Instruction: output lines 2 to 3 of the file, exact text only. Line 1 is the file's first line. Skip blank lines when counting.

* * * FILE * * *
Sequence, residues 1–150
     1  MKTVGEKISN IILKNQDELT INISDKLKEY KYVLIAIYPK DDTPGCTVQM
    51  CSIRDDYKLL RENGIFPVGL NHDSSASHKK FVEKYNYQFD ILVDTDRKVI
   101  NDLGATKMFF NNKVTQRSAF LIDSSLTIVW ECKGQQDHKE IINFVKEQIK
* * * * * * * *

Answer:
     1  MKTVGEKISN IILKNQDELT INISDKLKEY KYVLIAIYPK DDTPGCTVQM
    51  CSIRDDYKLL RENGIFPVGL NHDSSASHKK FVEKYNYQFD ILVDTDRKVI